It's probably is more of a problem for cameras with smaller sensors such as my Olympus C7070 and its 1/1.8" sensor because the sun will be more concentrated. But with a camera with a 4/3 sensor that is 6 times larger or APS-C sensor that is 9 times larger, it shouldn't be as big a concern. If you are very quick and are careful to point the camera at the sun too long maybe it will be okay.

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dsjtecserv Veteran Member • Posts: 3,772
Re: Can taking photos of the sun damage your mirrorless?
1

doady wrote:

It's probably is more of a problem for cameras with smaller sensors such as my Olympus C7070 and its 1/1.8" sensor because the sun will be more concentrated. But with a camera with a 4/3 sensor that is 6 times larger or APS-C sensor that is 9 times larger, it shouldn't be as big a concern. If you are very quick and are careful to point the camera at the sun too long maybe it will be okay.

The size of the sensor has nothing to do with the risk of damage. The size of the image of the sun projected onto the sensor is determined by the focal length of the lens, and the intensity of the energy is determined by the relative aperture (f-number). For a given f-number, the intensity  (concentration) of the energy reaching the sensor will be the same, regardless of the focal length  or sensor format. However, the longer the focal length (regardless of sensor format) the larger the image of the sun, and thus more total energy reaches the sensor.  It is more difficult for this larger amount of energy  to be dissipated, and consequently the temperature of the sensor will rise to a higher level more quickly, potentially reaching a point capable of damaging the sensor materials.  Those are the factors (along with the time of exposure) that affect the risk of damage.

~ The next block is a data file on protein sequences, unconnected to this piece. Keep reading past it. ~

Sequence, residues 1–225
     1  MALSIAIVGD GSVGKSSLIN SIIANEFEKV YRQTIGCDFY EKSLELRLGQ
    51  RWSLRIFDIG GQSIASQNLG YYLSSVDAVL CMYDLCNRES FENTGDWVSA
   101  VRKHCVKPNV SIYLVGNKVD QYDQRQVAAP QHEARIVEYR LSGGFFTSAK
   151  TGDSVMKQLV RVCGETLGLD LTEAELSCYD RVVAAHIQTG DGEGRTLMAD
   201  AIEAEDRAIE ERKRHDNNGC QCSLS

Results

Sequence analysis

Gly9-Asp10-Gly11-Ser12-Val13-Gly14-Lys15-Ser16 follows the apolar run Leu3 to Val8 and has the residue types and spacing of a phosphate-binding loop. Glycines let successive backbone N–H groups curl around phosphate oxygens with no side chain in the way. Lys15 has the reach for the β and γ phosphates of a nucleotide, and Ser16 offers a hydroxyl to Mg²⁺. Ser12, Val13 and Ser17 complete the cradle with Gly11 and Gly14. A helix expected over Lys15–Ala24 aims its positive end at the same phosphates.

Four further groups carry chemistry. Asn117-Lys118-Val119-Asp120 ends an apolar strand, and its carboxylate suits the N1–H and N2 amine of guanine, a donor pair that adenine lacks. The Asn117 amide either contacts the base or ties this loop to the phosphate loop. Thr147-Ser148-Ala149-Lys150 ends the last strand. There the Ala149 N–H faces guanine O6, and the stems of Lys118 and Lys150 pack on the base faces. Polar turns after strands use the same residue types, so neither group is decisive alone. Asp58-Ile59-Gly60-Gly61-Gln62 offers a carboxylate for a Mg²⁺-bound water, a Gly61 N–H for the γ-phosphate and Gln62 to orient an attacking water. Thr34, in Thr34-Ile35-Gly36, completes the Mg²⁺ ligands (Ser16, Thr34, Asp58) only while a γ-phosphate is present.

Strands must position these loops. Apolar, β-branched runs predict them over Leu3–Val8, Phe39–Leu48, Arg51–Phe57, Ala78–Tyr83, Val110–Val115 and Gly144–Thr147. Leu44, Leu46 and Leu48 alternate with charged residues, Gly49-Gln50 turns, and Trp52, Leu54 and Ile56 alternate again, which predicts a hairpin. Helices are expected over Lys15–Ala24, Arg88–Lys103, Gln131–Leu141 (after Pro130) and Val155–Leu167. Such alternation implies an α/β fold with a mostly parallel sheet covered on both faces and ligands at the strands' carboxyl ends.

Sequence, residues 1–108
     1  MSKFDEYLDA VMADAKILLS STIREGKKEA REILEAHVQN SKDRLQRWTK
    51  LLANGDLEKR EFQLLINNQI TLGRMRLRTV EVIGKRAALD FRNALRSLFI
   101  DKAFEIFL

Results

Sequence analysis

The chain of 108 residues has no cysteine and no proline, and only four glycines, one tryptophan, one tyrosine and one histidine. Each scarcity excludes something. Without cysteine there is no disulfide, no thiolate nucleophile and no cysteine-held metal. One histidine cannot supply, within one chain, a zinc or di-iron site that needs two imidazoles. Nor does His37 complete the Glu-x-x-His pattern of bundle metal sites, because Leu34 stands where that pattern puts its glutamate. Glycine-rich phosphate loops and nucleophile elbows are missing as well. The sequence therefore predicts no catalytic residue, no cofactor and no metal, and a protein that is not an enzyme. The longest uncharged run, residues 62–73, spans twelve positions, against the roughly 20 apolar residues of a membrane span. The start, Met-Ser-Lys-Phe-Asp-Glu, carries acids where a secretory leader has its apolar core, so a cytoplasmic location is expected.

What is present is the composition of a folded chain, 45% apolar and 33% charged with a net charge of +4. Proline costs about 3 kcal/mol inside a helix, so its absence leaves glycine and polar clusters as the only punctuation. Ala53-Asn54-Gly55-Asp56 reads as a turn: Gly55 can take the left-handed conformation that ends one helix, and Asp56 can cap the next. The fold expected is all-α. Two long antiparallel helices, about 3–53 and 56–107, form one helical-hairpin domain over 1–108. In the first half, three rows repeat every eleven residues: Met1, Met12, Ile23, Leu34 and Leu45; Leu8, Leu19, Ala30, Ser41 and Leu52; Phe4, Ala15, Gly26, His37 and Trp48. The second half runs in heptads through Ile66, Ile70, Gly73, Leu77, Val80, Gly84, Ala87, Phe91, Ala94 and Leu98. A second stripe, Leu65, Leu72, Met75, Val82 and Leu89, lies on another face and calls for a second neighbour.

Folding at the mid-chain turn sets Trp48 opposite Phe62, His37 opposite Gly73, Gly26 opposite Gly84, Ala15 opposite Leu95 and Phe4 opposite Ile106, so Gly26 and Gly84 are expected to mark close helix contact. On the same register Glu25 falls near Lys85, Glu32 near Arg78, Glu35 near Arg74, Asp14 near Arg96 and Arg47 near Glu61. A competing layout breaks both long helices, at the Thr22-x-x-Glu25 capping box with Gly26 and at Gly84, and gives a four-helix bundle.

Dave

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doady Senior Member • Posts: 1,606
Re: Can taking photos of the sun damage your mirrorless?

dsjtecserv wrote:

doady wrote:

It's probably is more of a problem for cameras with smaller sensors such as my Olympus C7070 and its 1/1.8" sensor because the sun will be more concentrated. But with a camera with a 4/3 sensor that is 6 times larger or APS-C sensor that is 9 times larger, it shouldn't be as big a concern. If you are very quick and are careful to point the camera at the sun too long maybe it will be okay.

The size of the sensor has nothing to do with the risk of damage. The size of the image of the sun projected onto the sensor is determined by the focal length of the lens, and the intensity of the energy is determined by the relative aperture (f-number). For a given f-number, the intensity (concentration) of the energy reaching the sensor will be the same, regardless of the focal length or sensor format. However, the longer the focal length (regardless of sensor format) the larger the image of the sun, and thus more total energy reaches the sensor. It is more difficult for this larger amount of energy to be dissipated, and consequently the temperature of the sensor will rise to a higher level more quickly, potentially reaching a point capable of damaging the sensor materials. Those are the factors (along with the time of exposure) that affect the risk of damage.